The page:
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Lake Rotorua

16 February 2024
Electromagnetism, Geology

At https://www.livescience.com/planet-earth/bizarre-magnetic-anomaly-discovered-deep-below-new-zealands-lake-rotorua … Lake Rotorua sits in the crater of a dormant volcano and has been mapped, or 68% of it, in detail. This has revealed a hidden hydrothermal system beneath the lake. Clouds of steam drift around the lake shore and sulfur provides a blue-green colouration to the water. It is a tourist must visit site. Magnetic surveys come up with positive anomalies – but in this case it was a negative anomaly. An absence of magnetism. Volcanic rocks typically  contain the magnetic mineral magnetite. However, researchers think hydrothermal fluids have poured through the rocks, transforming magnetite into pyrite – otherwise known as fools gold. This has no magnetic signal – and would explain the mystery.

At https://phys.org/news/2024-02-rio-grande-giant-mineral-rich.html … in this case the Rio Grande Rise, possibly once a continental basalt plateau. Not far away is a chain of submerged sea mounts, suggesting volcanism at some point in the past. The research was undertaken by the University of Sao Paulo – with some input, or equipment, courtesy of the University of Southampton. The Rio Grande Rise lies in the South Atlantic, 1200 km off shore from Brazil. It may once have been a giant tropical island – rich in minerals and covered in vegetation. How does that fit into the concept of Pangaea?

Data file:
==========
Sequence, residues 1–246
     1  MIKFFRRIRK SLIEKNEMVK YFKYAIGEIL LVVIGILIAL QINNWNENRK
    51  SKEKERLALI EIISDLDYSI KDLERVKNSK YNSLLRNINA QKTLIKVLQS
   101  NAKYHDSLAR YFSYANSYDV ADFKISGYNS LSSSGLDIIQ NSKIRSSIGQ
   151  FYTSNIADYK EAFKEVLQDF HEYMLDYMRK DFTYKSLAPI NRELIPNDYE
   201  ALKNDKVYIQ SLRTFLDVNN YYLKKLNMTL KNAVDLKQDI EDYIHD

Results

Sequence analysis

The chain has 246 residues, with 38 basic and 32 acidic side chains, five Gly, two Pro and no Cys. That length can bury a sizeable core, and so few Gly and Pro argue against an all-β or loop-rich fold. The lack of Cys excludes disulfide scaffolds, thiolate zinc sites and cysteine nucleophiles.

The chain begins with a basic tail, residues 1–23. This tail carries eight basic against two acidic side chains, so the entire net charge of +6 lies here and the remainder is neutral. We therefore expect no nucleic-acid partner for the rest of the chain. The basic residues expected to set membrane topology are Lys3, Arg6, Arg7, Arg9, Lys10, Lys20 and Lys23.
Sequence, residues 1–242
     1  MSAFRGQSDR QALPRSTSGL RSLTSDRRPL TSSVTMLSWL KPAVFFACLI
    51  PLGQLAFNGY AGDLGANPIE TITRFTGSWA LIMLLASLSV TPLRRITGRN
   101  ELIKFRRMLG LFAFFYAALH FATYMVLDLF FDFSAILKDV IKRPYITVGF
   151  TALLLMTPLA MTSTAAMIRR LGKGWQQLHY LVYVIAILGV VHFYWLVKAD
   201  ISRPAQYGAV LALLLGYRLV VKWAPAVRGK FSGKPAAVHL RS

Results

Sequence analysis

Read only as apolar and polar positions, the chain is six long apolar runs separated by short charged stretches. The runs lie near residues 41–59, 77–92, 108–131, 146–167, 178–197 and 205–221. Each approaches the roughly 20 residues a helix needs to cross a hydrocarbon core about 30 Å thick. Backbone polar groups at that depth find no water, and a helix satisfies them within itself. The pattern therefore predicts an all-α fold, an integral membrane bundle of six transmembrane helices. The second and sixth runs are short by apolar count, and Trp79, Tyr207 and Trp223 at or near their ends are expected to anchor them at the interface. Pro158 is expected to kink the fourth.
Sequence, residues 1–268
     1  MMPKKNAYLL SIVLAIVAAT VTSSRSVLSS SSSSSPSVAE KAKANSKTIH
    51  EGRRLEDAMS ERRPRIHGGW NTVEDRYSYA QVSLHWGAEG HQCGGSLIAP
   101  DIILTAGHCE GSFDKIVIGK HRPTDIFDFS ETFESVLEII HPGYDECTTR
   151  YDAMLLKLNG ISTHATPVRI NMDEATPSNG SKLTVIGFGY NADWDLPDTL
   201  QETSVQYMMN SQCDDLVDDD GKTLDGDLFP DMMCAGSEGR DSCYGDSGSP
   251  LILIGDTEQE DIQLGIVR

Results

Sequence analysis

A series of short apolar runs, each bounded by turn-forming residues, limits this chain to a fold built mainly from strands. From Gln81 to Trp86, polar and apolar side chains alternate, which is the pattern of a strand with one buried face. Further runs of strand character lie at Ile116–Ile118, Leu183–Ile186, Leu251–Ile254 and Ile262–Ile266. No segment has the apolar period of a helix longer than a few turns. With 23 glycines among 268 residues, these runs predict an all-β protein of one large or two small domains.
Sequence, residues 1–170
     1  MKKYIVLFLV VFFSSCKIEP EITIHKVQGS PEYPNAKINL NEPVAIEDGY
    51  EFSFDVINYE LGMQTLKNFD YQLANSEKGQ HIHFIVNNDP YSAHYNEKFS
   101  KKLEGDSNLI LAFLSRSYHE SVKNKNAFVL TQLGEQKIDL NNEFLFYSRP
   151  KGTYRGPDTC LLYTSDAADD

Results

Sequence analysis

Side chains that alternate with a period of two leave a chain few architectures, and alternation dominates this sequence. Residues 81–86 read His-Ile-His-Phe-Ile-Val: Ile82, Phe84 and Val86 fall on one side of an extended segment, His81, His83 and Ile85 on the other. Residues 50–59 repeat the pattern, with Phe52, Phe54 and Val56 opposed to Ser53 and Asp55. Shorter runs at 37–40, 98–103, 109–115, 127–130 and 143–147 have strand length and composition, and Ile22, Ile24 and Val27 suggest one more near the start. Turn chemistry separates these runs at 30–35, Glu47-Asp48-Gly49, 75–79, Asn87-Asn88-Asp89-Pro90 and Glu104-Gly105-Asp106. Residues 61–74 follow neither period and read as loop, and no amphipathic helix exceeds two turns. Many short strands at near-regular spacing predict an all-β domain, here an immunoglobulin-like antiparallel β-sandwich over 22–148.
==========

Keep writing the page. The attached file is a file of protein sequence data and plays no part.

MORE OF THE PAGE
Geologists have dated sediments from the Rise to between 45 and 40 million years ago. Red clay in the sediments was formed after the last episode of volcanic activity around 45 million years ago. The island probably dates between 40 and 30 million years ago as the soil, or red earth, is similar to soils in many parts of Sao Paulo State. The Eocene, on the geochronology column, dates from 56 to 34 million years ago. The current interest in the Rio Grande Rise is economical as it contains cobalt, nickel, and lithium, as well as tellurium and rare earths critical for renewable energy.

At https://www.sciencedaily.com/releases/2024/02/240206144920.htm … we are looking at the origin of the Seattle Fault. It is in fact a network of shallow faults slicing through Paget Sound. It is thought to be a source of seismic activity in what is now a well populated region. In this we are back to the Eocene, again. At that time the coastline was well east of where Seattle sits now and a chain of volcanic islands lay offshore. Apparently, at the beginning of the Eocene, the island chain was pulled towards the continent – and while some of it was swallowed [subducted] a lot of it went up and above the continental crust. This is said to have created a tear zone. This is part and parcel of the Seattle Fault.

It is known the fault ruptured in AD923-924 – based on local indigenous oral tradition as well as geological evidence along the Paget Sound shoreline.

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